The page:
Okinawa sends out the call for Karate practitioners worldwide as part of a new focus on martial arts tourism that has many expecting positive economic results

Okinawa sends out the call for Karate practitioners worldwide as part of a new focus on martial arts tourism that has many expecting positive economic results

Karate-ka from all over the world amassing at the 1st Okinawa International Karate Tournament. August 7, 2018 Okinawa Karate Kaikan in Tomigusuku


August 28, 2018 Ryukyu Shimpo

By Taichi Hirayasu


“Martial Arts Tourism,” the new tourism initiative in Okinawa that hopes to attract Karate-ka from all over the world for things such as training, has been garnering a lot of attention.

There are reportedly upwards of 130 million Karate practitioners and fans globally, and Okinawa is hoping their call to the homeland of Karate will yield great economic results.

The prefecture has been pouring its energy into attracting Karate-ka with things such as establishing travel companies that specialize in Karate in a flurry of activity that is being referred to as martial arts tourism.


At the 1st Okinawa International Karate Tournament held August 1-7 this year, approximately 1,100 entrants from 40 countries and regions participated.

Between athletes, staff, and fans, the event hosted as many as 26,000 people at the tournament in total.

The tournament welcomed people from not only major western markets such as the United States, Germany, and France, but also countries such as Argentina, China, and South Africa.

A representative from the Okinawa Karate Promotion Office explained, “We saw some cases of parties of as many as 10 or 20 people that included not only the competing athlete, but also friends from their dojo and family. The Okinawa Prefectural government plans to continue promoting policies that continue to draw Karate-ka to Okinawa from abroad.


The Global Market

It has also become clear that Karate-ka who visit Okinawa for training stay longer than a regular tourist visit. In survey conducted by Okinawa in 2016, Karate-ka who come to Okinawa for training stay an average of nine days.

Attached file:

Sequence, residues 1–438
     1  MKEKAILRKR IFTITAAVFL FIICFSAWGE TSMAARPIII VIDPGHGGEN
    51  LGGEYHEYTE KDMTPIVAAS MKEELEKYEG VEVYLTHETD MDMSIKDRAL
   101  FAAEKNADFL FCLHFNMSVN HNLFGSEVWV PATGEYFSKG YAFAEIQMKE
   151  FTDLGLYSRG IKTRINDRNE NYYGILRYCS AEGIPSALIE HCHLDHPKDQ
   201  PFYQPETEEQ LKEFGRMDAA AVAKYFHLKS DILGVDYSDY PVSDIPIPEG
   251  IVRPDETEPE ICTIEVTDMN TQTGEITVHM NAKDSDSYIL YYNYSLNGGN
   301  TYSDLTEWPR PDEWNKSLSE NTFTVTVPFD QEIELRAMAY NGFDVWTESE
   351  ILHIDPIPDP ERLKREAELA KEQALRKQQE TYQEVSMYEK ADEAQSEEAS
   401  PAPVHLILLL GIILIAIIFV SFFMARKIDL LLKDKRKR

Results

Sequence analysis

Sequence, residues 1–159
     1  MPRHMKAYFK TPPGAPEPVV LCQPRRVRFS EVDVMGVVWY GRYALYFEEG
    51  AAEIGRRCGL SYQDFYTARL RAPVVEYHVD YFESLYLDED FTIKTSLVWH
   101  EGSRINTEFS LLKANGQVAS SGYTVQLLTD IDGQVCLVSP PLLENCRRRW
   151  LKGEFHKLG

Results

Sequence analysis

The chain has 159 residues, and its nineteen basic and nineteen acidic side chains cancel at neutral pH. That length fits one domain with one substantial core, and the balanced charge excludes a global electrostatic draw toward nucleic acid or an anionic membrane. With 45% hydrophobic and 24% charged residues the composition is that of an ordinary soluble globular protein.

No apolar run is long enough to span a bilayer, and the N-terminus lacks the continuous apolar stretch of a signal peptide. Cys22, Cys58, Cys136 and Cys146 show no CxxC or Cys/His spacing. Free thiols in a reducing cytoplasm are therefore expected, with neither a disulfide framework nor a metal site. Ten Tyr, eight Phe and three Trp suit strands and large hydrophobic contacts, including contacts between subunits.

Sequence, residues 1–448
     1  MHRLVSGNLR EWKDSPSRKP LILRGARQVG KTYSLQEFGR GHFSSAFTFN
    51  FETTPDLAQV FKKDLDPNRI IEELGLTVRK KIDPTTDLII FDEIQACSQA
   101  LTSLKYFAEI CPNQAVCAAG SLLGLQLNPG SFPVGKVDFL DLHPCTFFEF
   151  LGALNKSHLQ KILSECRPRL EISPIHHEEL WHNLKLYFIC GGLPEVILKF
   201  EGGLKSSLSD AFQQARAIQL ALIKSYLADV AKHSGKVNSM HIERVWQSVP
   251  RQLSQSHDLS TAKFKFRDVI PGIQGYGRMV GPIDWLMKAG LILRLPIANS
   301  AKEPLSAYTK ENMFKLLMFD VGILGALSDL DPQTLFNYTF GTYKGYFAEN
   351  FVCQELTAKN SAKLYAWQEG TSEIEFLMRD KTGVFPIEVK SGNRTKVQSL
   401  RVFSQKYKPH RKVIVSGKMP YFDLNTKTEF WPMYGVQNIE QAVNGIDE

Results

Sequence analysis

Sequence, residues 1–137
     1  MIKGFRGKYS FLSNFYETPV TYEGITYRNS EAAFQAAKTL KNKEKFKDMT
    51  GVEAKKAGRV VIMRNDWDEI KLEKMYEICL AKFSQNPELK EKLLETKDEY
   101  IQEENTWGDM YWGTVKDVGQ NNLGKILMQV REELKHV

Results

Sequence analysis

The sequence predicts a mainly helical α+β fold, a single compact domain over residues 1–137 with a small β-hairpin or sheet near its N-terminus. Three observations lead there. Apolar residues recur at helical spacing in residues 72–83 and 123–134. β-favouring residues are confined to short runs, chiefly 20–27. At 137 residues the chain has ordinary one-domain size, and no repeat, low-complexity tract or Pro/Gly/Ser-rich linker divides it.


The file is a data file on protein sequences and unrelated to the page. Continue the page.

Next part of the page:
This is much longer than the average stay of someone visiting Okinawa for sightseeing, which averages 3.71 days.

On August 21, when welcoming representatives from Nepalese Karate as part of a goodwill tour, Takao Kadekaru, head of Okinawa’s Department of Culture, Tourism, and Sports expressed his view, saying, “In order to improve the economic benefits from tourism, increasing stay time is essential. By adding Karate-ka to the existing tourism visitors, the economic results can only improve.” He also stressed the potential of martial arts tourism, saying, “There is a global market [for it].”

However, many issues still remain. In the “Okinawa Karate Promotion Vision,” developed by Okinawa Prefecture earlier this year, the level of awareness of Okinawa as the birthplace of Karate is still low, and the economic value of Karate has yet to be firmly established.


Getting the word out about dojos

Tsuneo Kinjo, vice president of the Okinawa Karate and Kobudo Alliance, who has experience teaching overseas feels that, “It is well known abroad that Okinawa has many fantastic Karate instructors.” Previously, there were many foreigners who imagined Tokyo when they thought of Karate, but, “The internet has helped spread awareness for Okinawa as the birthplace of Karate.”

Ageshio Japan (Naha, Okinawa; Kenjiro Ueda, CEO), a travel company that specializes in Karate, has recently began operations, and has started accepting foreign clients looking to train in Okinawa.

People have begun contacting the company about training from all over the world including Europe, the Americas, Africa, and the Middle East, and CEO Kenjiro “Kenny” Ueda feels that, “Martial arts tourism in Okinawa can only grow from here.”

However, Ueda also says, “Not enough is being done to get the word out about the diverse, attractive, and unique Okinawan dojos,” stating his opinion that there is room for improvement in the current martial arts tourism movement.

There are reportedly many cases of foreign Karate-ka inquiring about lessons in the styles of Karate taught at Okinawan dojos.

Ueda indicated, “It is necessary to also make an effort to make it easy for people to see the appeal of Okinawan dojos, and learn more about the techniques taught by the masters who inhabit them.

Since Okinawa is the mecca of Karate, I personally believe that it is possible to increase the number of Karate-ka visiting from the tens of thousands to the millions.”


(English translation by T&CT and Sam Grieb)


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